Texas executed Mexican national, José E. Medellín, lat night despite a ruling by the International Court of Justice that further hearings should be held to determine if his trial was fair. His case was part of a debate over 51 trials which were questioned because the Mexican nationals accused were never given an opportunity to talk to a consul. The Vienna Convention on Consular Relations requires foreigners accused of crimes to be given that opportunity. Mexico sent a formal diplomatic protest to Washington following the execution.

Junta Takes Power in Mauritania

Army officers staged a coup in Mauritania today, detaining the president, prime minister and interior minister, key members of the country's first freely elected government since gaining independence in 1960. President Sidi Ould Cheikh Abdallahi is apparently being held by soldiers in the presidential palace in the capital city, Nouakchott. The move came after the president fired the country's top four military officials. General Mohamed Ould Abdel Aziz, former chief of staff of the Mauritanian army and head of the Presidential Guard, was one of the men fired and reportedly now in control.

Bush To Speak about Human Rights in China

US President George Bush will give a speech in Thailand today denouncing China's human rights record. The White House has released some of the speech already:

“The United States believes the people of China deserve the fundamental liberty that is the natural right of all human beings. So America stands in firm opposition to China’s detention of political dissidents, human rights advocates and religious activists.”

Meanwhile, some feel the President's proposed speech is not enough. Sophie Richardson of Human Rights Watch, said it is "absurd to try to sustain the claim that America's policies are principled while then effectively standing back and saying, 'We will watch from the sidelines while the Chinese do what they do.' "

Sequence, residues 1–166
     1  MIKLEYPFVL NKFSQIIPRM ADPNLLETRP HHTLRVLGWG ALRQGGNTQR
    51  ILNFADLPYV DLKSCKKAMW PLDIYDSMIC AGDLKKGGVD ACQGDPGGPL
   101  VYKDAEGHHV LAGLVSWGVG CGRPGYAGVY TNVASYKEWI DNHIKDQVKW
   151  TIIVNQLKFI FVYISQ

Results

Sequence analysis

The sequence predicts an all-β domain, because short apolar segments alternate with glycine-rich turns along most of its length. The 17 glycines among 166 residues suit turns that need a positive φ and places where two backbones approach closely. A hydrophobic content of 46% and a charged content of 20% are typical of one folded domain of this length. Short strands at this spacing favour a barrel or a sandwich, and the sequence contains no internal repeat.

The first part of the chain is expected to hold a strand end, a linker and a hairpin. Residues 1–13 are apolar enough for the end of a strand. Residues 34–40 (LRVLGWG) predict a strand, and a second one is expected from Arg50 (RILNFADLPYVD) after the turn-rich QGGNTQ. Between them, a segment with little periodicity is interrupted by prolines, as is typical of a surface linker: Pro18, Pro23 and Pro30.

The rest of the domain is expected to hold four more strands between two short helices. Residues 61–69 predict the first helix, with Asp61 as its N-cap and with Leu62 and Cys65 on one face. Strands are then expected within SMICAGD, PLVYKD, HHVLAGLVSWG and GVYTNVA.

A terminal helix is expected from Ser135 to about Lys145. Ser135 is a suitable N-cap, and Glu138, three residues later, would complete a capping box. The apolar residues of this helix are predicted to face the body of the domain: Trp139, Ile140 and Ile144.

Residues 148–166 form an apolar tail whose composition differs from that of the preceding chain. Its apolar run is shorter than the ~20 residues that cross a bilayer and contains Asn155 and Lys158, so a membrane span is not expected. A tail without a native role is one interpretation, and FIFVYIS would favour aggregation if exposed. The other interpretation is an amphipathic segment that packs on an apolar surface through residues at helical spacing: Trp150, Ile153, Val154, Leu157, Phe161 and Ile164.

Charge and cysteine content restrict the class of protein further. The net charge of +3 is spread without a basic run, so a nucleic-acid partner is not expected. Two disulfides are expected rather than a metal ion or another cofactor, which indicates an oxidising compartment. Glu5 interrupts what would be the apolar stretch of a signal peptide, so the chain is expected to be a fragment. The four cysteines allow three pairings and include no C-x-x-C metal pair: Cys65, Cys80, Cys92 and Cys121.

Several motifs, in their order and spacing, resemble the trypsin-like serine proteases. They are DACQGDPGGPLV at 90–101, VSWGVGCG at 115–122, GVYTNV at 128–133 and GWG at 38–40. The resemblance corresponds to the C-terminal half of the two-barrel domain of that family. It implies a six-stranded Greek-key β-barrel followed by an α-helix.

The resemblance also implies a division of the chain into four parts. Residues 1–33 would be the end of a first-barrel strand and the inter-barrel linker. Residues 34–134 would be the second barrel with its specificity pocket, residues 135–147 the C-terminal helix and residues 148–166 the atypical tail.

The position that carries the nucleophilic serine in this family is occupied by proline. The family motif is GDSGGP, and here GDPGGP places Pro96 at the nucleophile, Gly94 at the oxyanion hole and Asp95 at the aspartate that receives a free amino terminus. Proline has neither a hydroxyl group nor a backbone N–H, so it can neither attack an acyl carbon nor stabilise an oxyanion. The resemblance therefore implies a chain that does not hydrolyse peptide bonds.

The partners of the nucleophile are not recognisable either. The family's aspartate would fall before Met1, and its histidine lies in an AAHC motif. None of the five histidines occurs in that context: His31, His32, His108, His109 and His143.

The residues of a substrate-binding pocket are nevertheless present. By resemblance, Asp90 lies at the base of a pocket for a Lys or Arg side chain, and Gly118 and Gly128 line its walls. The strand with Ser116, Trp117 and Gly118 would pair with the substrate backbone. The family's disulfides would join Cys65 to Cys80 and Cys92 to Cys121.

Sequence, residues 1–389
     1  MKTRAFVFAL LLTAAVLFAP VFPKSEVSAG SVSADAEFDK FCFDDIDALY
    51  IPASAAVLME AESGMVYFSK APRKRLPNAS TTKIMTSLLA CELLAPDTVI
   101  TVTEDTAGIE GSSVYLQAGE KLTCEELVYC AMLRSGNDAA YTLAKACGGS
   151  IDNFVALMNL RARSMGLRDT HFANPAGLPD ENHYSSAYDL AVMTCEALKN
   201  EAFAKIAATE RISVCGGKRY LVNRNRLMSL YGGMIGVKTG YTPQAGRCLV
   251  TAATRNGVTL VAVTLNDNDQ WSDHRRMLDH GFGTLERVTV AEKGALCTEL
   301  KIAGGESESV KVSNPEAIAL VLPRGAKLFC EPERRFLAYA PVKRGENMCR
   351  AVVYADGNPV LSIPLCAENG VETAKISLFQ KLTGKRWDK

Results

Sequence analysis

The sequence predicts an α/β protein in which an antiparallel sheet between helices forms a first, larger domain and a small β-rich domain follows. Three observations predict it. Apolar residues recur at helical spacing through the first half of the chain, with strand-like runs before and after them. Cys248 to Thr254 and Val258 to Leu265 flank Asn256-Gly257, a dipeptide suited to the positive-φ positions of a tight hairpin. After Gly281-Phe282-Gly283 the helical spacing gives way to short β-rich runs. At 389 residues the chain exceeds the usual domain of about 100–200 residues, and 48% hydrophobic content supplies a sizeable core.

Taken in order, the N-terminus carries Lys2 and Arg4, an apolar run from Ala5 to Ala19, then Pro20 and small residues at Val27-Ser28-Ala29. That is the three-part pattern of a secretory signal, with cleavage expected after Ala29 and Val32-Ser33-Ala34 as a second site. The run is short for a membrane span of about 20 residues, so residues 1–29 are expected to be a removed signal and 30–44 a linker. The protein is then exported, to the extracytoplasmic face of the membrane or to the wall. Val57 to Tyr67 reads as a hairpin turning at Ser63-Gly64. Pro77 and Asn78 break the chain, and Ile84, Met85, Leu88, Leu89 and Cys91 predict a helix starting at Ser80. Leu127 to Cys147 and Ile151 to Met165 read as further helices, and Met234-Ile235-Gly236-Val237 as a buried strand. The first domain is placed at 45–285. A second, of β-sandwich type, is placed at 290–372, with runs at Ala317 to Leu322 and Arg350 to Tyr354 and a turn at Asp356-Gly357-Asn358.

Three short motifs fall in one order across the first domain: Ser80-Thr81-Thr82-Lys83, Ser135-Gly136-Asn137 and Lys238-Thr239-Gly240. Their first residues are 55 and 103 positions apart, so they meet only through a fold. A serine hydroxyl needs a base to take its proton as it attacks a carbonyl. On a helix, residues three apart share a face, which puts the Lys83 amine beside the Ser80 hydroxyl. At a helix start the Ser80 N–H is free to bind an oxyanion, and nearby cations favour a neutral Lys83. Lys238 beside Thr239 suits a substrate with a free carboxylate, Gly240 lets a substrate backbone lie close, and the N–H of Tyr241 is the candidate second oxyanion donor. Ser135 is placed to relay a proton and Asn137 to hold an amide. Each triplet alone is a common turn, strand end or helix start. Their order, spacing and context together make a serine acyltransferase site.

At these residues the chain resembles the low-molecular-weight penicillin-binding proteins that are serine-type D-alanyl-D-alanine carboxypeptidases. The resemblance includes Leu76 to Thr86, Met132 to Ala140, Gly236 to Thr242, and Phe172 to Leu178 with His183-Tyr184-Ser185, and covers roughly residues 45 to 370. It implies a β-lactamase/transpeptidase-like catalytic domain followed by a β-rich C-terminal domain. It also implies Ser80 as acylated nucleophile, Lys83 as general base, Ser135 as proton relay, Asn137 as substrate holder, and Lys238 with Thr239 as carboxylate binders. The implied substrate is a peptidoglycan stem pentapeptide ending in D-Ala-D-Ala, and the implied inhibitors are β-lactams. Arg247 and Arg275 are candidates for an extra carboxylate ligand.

Monday, August 04, 2008

Zimbabwe Continues to Suffer After the Election

The US Department of State released some pretty depressing numbers about Zimbabwe today. Since the March 29 presidential elections there have been 129 murders of opposition party members. In the capital city alone, an average of 60 people seek medical care every day as the result of political violence. Over 1000 activists are reported imprisoned on charges of inciting violence. Roughly 33,000 Zimbabweans have been displaced. A loaf of bread cost roughly $12 billion Zimbabwe dollars. For more info check out the Fact Sheet.

Meanwhile, President Robert Mugabe is continuing to push for a power sharing agreement despite losing the March election.

Saturday, August 02, 2008

"Karadzic Accuses His Accusers"

Former Bosnian Serb leader, Radovan Karadzic, currently on trial before the International Criminal Tribunal for the former Yugoslavia for war crimes, has written a letter addressing "drastic irregularities" in his treatment. Karadzic claims in his letter that he will be unable to receive a fair trial due to irregularities such as a "media witch-hunt."

Former US Ambassador Reflects on ICC

Found an interesting piece by David Scheffer, former US Ambassador at Large for War Crimes Issues (1997-2001), who headed the United States delegation to the talks creating the International Criminal Court. Mr. Scheffer provides interesting insight on the development and US position of the ICC.